Some suffer so much--I recall the experience sweet and sad;
(Many a soldier's loving arms about this neck have cross'd and
Many a soldier's kiss dwells on these bearded lips.)
= = = = = = = = = =
When Thou must Home to Shades of Underground by Thomas Campion
When thou must home to shades of underground,
And there arriv'd, a new admired guest,
The beauteous spirits do engirt thee round,
White Iope, blithe Helen, and the rest,
To hear the stories of thy finish'd love
From that smooth tongue whose music hell can move;
Then wilt thou speak of banqueting delights,
Of masques and revels which sweet youth did make,
Of tourneys and great challenges of knights,
And all these triumphs for thy beauty's sake:
When thou hast told these honours done to thee,
Then tell, O tell, how thou didst murder me.
= = = = = = = = = =
To The Right Honourable William, Earl Of Dartmouth by Phillis Wheatly
Hail, happy day, when, smiling like the morn,
Fair Freedom rose New-England to adorn:
The northern clime beneath her genial ray,
Dartmouth, congratulates thy blissful sway:
Elate with hope her race no longer mourns,
Each soul expands, each grateful bosom burns,
While in thine hand with pleasure we behold
The silken reins, and Freedom's charms unfold.
Long lost to realms beneath the northern skies
She shines supreme, while hated faction dies:
Soon as appear'd the Goddess long desir'd,
Sick at the view, she languish'd and expir'd;
Thus from the splendors of the morning light
The owl in sadness seeks the caves of night.
No more, America, in mournful strain
Of wrongs, and grievance unredress'd complain,
No longer shalt thou dread the iron chain,
Which wanton Tyranny with lawless hand
Had made, and with it meant t' enslave the land.
Should you, my lord, while you peruse my song,
Wonder from whence my love of Freedom sprung,
Whence flow these wishes for the common good,
By feeling hearts alone best understood,
I, young in life, by seeming cruel fate
Was snatch'd from Afric's fancy'd happy seat:
What pangs excruciating must molest,
What sorrows labour in my parent's breast?
Steel'd was that soul and by no misery mov'd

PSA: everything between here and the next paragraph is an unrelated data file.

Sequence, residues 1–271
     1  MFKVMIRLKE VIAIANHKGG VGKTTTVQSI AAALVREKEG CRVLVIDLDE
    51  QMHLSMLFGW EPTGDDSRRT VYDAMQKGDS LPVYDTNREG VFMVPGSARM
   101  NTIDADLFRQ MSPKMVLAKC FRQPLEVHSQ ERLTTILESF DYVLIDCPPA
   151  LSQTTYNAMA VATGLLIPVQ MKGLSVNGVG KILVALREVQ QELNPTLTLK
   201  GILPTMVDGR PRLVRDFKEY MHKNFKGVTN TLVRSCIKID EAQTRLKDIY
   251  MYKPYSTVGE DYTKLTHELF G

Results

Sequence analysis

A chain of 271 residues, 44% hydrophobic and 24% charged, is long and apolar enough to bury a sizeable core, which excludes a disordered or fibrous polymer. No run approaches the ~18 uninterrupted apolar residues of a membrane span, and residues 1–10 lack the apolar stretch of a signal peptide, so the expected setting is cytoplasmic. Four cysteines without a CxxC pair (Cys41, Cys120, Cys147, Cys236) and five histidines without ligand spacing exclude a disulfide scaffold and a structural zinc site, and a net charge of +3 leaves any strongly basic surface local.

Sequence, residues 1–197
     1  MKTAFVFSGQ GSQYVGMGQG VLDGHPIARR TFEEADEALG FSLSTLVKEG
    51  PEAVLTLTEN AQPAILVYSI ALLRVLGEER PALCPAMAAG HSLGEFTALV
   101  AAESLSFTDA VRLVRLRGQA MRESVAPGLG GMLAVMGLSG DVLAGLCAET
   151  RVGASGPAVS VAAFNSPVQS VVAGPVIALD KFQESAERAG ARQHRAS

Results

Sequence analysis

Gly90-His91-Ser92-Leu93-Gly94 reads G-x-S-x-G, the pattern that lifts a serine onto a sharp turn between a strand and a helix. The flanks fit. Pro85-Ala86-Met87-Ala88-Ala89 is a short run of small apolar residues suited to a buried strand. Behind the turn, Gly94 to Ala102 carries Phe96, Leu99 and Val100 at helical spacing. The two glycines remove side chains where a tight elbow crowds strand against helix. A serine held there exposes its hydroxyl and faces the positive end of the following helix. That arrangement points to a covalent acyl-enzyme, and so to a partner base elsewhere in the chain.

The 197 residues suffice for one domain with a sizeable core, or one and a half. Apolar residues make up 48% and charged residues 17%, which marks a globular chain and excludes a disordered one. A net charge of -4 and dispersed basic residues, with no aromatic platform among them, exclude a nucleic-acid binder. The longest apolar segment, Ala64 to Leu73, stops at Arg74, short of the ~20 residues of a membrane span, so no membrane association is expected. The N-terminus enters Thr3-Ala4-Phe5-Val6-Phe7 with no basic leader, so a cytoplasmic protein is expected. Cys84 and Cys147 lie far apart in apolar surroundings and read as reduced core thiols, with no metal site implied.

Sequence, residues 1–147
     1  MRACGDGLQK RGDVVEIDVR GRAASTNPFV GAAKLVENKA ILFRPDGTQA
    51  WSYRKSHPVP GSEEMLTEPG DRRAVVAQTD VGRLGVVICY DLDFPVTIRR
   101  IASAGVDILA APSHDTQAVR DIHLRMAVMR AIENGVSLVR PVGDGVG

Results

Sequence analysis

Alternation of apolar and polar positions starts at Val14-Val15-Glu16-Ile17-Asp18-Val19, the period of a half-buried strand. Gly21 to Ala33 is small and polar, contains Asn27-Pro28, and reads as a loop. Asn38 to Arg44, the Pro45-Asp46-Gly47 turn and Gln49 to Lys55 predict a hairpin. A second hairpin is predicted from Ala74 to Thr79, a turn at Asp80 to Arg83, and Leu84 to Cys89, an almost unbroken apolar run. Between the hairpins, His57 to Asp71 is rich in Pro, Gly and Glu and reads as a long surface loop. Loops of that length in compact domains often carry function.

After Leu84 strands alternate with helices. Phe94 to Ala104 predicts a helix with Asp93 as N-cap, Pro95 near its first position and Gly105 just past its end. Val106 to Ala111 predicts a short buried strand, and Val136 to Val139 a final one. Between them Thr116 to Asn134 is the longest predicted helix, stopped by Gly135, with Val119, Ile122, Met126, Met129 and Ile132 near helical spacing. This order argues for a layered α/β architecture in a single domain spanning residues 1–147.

That from a father seiz'd his babe belov'd:
Such, such my case. And can I then but pray
Others may never feel tyrannic sway?
For favours past, great Sir, our thanks are due,
And thee we ask thy favours to renew,
Since in thy pow'r, as in thy will before,
To sooth the griefs, which thou did'st once deplore.
May heav'nly grace the sacred sanction give
To all thy works, and thou for ever live
Not only on the wings of fleeting Fame,
Though praise immortal crowns the patriot's name,
But to conduct to heav'ns refulgent fane,
May fiery coursers sweep th' ethereal plain,
And bear thee upwards to that blest abode,
Where, like the prophet, thou shalt find thy God.
= = = = = = = = = =
Palladium by Matthew Arnold
Set where the upper streams of Simois flow
Was the Palladium, high 'mid rock and wood;
And Hector was in Ilium, far below,
And fought, and saw it not--but there it stood!
It stood, and sun and moonshine rain'd their light
On the pure columns of its glen-built hall.
Backward and forward roll'd the waves of fight
Round Troy--but while this stood, Troy could not fall.
So, in its lovely moonlight, lives the soul.
Mountains surround it, and sweet virgin air;
Cold plashing, past it, crystal waters roll;
We visit it by moments, ah, too rare!
We shall renew the battle in the plain
To-morrow;--red with blood will Xanthus be;
Hector and Ajax will be there again,
Helen will come upon the wall to see.
Then we shall rust in shade, or shine in strife,